Welcome Back to Campus!
This guide should serve as a technical resource for Students, Staff, and Faculty as we navigate a campus return
Before You Return…
Test out your NetID password
It may seem simple, but testing your NetID password can speed up your campus return by ensuring you can connect to the wireless network and access UVM applications and services.
If you AutoFill or save your passwords in a browser, please try manually typing your password.
If your password is forgotten or expired, you can reset it at account.uvm.edu.
Update your Computer
Whether you’re a Windows or a macOS user, updating your computer’s Operating System and any common software you use is a great first step to prepare for your campus return!
UVM-owned computers will have Managed Software Center (macOS) or Software Center (Windows) to help manage common software. You may need to connect to UVM’s VPN before these applications show an updated software updates list – see the dedicated section on this page.
To update your Operating System, follow the instructions in the links below:
Staff or Faculty - spend a day connected to UVM's Cisco AnyConnect VPN
Connecting to UVM’s VPN periodically is important for ensuring your MyDocs and Shared Drives are properly syncing. It also helps ensure your software and device management applications are running properly.
For Windows users, connecting to the VPN does several things, including:
- Ensures you’re using your updated UVM credentials for auto-logon
- Renews your Windows license
- Renews some software licenses
When You’re Back in the Office…
Whether you connect to UVM WiFi or you use a wired connection, getting online is the first step to accessing most technical resources on-campus.
Reconnecting on an Old Device
If you updated your password in your time away from campus, your computer and other devices need your updated password to connect to UVM WiFi.
In most cases, your device will simply ask you for your updated password. If you aren’t prompted to enter your new password, try forgetting the UVM network, then use this guide to connect to UVM Wireless.
Connecting a New Device
Do you have a new device that is connecting to the UVM network for the first time? Check out our guide on Connecting to UVM Wireless.
UVM Ethernet/Wired Connections
If you typically connect to the UVM Networking via Ethernet (hard wire/hard line), in most cases, it will work without issue.
If your Ethernet connection does not seem to be working, below are a few common reasons why:
Your network registration may have expired
In some buildings and offices, connecting via Ethernet also requires that your device is registered through UVM NetReg.
When you connect your computer to an Ethernet port on a NetReg subnet, your internet browser should automatically redirect to https://netreg.uvm.edu. You can also go there directly.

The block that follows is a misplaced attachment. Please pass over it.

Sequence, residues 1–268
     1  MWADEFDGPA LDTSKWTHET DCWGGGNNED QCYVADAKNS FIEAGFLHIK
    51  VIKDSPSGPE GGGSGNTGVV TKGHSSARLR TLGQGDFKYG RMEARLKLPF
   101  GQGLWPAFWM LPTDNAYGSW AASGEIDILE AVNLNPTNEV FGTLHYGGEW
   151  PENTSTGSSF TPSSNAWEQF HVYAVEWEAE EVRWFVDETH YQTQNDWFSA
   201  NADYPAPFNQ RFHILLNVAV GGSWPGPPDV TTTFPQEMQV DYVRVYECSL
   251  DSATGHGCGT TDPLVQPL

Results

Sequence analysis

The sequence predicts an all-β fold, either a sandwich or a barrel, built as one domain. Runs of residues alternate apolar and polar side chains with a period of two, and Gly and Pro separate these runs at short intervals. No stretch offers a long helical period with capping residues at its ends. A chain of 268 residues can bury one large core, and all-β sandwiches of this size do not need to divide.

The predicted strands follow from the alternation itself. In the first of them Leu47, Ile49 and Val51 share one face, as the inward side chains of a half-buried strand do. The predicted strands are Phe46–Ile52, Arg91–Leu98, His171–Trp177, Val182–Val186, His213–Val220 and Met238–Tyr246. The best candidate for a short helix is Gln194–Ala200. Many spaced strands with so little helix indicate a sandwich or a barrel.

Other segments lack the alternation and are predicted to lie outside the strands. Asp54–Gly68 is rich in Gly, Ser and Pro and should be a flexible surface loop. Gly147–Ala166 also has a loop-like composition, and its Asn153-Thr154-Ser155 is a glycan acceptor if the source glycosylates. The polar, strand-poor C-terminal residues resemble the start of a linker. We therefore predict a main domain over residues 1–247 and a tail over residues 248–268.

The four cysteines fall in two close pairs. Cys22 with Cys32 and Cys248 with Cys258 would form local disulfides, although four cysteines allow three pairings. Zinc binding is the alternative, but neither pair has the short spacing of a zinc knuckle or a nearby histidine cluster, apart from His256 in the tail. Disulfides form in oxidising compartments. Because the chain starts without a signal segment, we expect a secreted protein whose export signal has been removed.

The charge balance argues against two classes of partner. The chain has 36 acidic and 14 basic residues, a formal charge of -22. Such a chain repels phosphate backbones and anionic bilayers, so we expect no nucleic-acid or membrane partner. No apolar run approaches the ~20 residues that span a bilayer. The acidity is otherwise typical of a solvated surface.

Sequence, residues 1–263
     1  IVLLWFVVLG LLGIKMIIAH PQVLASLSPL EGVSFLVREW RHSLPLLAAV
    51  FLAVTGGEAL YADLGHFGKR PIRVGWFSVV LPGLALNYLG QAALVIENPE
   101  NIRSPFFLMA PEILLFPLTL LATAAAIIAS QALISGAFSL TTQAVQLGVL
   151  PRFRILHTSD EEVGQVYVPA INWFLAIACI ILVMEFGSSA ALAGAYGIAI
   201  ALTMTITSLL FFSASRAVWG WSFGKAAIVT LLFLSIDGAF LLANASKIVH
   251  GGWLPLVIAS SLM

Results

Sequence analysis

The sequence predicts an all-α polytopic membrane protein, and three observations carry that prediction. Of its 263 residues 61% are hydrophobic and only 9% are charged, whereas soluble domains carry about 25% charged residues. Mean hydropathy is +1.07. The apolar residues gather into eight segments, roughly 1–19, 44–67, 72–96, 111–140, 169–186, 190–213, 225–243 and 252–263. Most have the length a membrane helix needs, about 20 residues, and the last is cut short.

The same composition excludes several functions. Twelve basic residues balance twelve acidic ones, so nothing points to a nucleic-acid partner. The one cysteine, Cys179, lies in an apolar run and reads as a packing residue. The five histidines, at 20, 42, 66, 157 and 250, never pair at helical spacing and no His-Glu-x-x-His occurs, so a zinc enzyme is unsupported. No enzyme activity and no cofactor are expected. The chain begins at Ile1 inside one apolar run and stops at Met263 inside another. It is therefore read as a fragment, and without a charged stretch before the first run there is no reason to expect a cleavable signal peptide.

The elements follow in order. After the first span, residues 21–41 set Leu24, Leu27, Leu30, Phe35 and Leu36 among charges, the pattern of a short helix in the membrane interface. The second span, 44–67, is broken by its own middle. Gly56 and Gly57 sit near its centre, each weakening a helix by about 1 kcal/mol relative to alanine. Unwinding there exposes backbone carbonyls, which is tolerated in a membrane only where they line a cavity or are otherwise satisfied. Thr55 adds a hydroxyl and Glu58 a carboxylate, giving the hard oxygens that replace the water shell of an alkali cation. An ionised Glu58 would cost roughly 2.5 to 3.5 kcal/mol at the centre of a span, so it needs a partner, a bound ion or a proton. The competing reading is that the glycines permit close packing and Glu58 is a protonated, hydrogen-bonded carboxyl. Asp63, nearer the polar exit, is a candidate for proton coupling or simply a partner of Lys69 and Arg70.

There may be an issue with your Ethernet port or cable
Try a different port – due to the limited number of physical connections on our networking hardware, some of your ports may have never been activated.
Try a different Ethernet cable – If you don’t have a second Ethernet cable, check with your department or supervisor. You can also purchase another Ethernet cable from the UVM Tech Store.
Ask for help – Contact the UVM Tech Team.
Check your CATcard’s expiration date – depending when you last updated your CATcard, it’s possible you will need to visit the CATcard Service Center to have it reissued.
If you have trouble connecting to your UVM printer and you’ve double checked that it’s been plugged in and turned on, it’s possible you need to re-add the printer to your device. Follow the steps outlined in our Printer guide.
If you primarily use UVM’s MyDocs or Shared Drive to store files, consider spending a day connected to UVM’s VPN using Cisco AnyConnect. You may be over your storage limit if you haven’t connected to VPN recently. If you are over your limit, you’ll receive an email saying so.
You may also wish to try using OneDrive – available for both macOS and Windows users! OneDrive doesn’t require a VPN connection, and includes a terabyte of personal space, as well as plenty of collaborative space for use with Microsoft Teams and SharePoint.
A number of departments and units converted to the new phone system using Cisco Jabber, upgrading from the old Nortel phone system. Check with your supervisor or department admin to see if you are one of these departments.
Those who have converted to Cisco Jabber may or may not have a physical phone. If your department elected not to purchased physical phones, check out our Cisco Jabber guide.